“One day on 22 June 2003, during the six months I was kept in Dhoonidhoo prison, I had the opportunity to see Brigadier Adam Zahir from the National Security Service police. During the conversation between us, and in reply to a complaint I made, Adam Zahir said that everything was being carried out according to the instructions of President Maumoon Gayyoom.

He also said that there was nothing the President Gayyoom was not being informed about, regardless how important or minor the matter was. After these words from Adam Zahir, it became clear to me that everything was happening with the full knowledge of President Gayyoom. This realisation was endlessly distressing.”
– Maldivian prisoner of conscience Mohamed Zaki in a letter sent to Maldives Human Rights Commission

In Resist 1.27 we translated and published an article by Ibrahim Luthfy, who was sentenced to life in prison along with Zaki in July 2002 for involvement in Sandhaanu. In the article, published in Dhivehi in Sandhaanu e-newsletter on 19 September 2004, Luthfy recalled his efforts to notify Gayoom of torture in Maldives prisons.

I believe it is the responsibility of each Maldivian to try to stop the torture in prison because it is a sensitive matter related to national safety and public order. I prepared a detailed report of 52 pages about the torture prisoners go through and that I myself experienced. I sent the letter to President Maumoon, members of the cabinet, Attorney General, Justice Minister, Chief Justice, President of the Supreme Council for Islamic Affairs, Chief Judge of Criminal Court, members of the parliament, and all candidates contesting in the parliamentary election of 1999. I also sent this report to many people in Male’ and other islands. With this report I sent a letter to Maumoon explaining that I needed to tell him further details of torture in prison and requested an appointment.

Instead of granting an appointment President Maumoon arrested me and detained me in a small cell in Dhoonidhoo in solitary confinement for three months. When I asked the police why I was being arrested, they replied that it was because I had ‘sent letters to various people accusing the police.’ Six months after I was released I received a letter from the President’s Office. “President tells to inform that an appointment could not be given because Ibrahim Lutfy had not acted correctly,” the letter said.

In Maverick 6.35 (19-20 September 2005), we highlighted the torture prevailing in Maldives and published a report by Ibrahim Luthfy. In his report of 1999, Luthfy had described the horrors of Maafushi prison and sent a copy to Gayoom. Hence, Gayoom was fully aware of torture in Maldives prisons, as we stressed in an editorial note in Maverick 6.35.

Luthfy sent a copy of this report to President Gayoom in 1999. This report details the tortures and unbearable suffering inmates go through in prisons of the country. Hence, Gayoom could not say he is not aware of torture in Maldives jails. Between October 1999 and September 2003, he had four years to improve the conditions of the jails. But he ignored the plight of the prisoners and in April 2003, Ali Shahir died presumably after NSS torture in jail. Gayoom promised Shahir’s family that an inquiry will be made into the death and Gayoom visited Maafushi to observe the conditions of the jail. The government’s inquiry concluded that Shahir died of natural causes. Gayoom did not take any action to improve the conditions of the jail. Lieutenant Mohamed Ashwan, a senior NSS officer at Maafushi, compiled a detailed report of NSS torture in jail, and sent copies to the highest ranking officers of NSS in early 2003. This is evident from 5.2.4 of the report entitled “Investigative Findings on the Death of Hassan Evan Naseem” prepared by the Presidential Commission formed to investigate the death of Eavan Naseem. The report says Ashwan sent a report in early 2003 and a letter on 2 July 2003 to senior officers about torture inflicted on prisoners by the NSS Prison Security Unit at Maafushi. Even after Ashwan’s report no steps were taken to stop NSS torture in jails. Thus this paved way to the brutal torture and killing of Hassan Eavan Naseem and the prison riots and shootings at Maafushi prison in September 2003. Ashwan’s report has been published in DhivehiObserver.com.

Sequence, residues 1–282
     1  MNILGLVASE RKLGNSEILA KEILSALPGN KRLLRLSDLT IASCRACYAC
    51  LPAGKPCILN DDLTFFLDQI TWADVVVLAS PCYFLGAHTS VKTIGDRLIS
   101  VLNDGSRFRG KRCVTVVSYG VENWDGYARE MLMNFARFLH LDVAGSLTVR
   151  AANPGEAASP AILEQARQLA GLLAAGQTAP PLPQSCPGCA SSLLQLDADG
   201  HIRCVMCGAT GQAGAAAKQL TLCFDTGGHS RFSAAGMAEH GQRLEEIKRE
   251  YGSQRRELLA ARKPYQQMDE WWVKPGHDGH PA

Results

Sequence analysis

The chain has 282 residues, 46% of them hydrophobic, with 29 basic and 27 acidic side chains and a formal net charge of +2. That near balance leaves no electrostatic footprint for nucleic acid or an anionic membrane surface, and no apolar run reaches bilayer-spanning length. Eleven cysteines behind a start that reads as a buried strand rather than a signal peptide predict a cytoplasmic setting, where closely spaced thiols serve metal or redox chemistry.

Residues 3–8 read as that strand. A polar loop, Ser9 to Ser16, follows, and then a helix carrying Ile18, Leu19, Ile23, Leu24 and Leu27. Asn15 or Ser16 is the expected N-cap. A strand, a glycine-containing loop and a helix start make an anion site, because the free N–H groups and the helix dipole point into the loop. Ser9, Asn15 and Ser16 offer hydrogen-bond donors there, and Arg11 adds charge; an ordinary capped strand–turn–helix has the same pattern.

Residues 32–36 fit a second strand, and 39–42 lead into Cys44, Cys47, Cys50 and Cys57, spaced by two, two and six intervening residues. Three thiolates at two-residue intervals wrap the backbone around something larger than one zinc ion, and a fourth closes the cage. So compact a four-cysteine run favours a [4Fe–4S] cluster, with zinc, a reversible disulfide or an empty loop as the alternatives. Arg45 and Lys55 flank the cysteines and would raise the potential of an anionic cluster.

The Presidential Commission report on the death of Eavan Naseem also recommended (Section 6.2.3) to widen the roles of the temporary committee formed on 5 October 1998 to advise on the affairs of prison, and the committee formed on 1 March 2001 to look into complaints concerning prison conditions. The Presidential Commission’s report recommends setting up a mechanism for members of such committees to visit Maafushi in the future and see the conditions there. This recommendation indicates that such committees were ineffective and not aware of the jail conditions prior to September 2003.